Long Bright River is a tale of two sides of Philadelphia’s opioid crisis – the side that cannot understand why one would get hooked and the side that struggles to get out. If you have not been affected by this country’s rampant opioid issue, this book will shed some light on the issue for the reader.
Kacey and Mickey are sisters, one addicted and living on the streets while the other a Philadelphia police officer and single parent. When local female addicts and prostitutes start turning up dead, Mickey starts to worry about her sister. She hasn’t seen Kacey in a while on her usual streets and decides to go looking for her in the dark and unpredictable world of drugs, prostitutes, and corruption. Mickey risks her job as a police officers, her friendship with her former partner, the welfare of her son, and the ability to reach her sister. During her search for Kacey, Mickey learns more about her neighbor, her family, and her coworkers. Some of it is a welcome surprise, some of it is just disturbing and disheartening. The reader is in for an emotional rollercoaster ride into Mickey and Kacey’s heart-wrenching childhood and strenuous adult lives.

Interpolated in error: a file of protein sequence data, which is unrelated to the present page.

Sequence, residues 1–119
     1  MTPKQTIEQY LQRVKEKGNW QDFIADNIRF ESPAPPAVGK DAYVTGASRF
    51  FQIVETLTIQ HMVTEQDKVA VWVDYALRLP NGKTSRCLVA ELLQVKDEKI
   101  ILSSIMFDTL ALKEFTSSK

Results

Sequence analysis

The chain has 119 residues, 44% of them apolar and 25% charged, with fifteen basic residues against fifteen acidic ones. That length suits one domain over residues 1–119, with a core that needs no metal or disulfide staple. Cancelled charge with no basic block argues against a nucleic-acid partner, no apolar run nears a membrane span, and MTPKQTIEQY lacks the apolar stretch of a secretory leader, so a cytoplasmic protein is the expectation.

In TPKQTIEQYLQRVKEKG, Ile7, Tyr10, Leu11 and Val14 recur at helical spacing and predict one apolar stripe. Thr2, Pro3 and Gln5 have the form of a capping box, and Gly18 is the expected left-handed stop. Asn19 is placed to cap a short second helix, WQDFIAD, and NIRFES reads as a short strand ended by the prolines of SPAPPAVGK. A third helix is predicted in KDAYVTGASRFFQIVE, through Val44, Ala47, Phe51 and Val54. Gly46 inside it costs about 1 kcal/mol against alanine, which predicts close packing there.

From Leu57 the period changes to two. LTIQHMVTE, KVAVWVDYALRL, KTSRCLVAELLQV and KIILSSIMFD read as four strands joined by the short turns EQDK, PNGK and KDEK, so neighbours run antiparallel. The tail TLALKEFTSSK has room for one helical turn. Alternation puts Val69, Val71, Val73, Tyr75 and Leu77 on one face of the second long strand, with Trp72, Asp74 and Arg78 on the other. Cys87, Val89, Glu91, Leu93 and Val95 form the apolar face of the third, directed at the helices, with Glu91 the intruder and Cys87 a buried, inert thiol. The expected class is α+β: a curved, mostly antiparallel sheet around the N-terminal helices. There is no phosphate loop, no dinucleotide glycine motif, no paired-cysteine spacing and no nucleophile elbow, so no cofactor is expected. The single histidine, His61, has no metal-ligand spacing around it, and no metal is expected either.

This book is masterfully told, researched, and edited. Liz Moore alternates between present-day and Mickey’s childhood to give the reader vivid images and feel her repeated let-downs in life. Mickey’s need to look out for her sister, no matter what she is involved in or what she has to risk, shows that family has undeniable bonds. No matter how long they are apart or how differently they live, father, daughter, sister, mother are all connected and rely on each other for salvation in the end. The story also shows that addiction has many forms (drugs, power, money, sex, work) and affects people differently, so treatment if any is possible will be entirely different for each person. As heart-wrenching and haunting as this book can be, it is worth every high and low that it will take you on.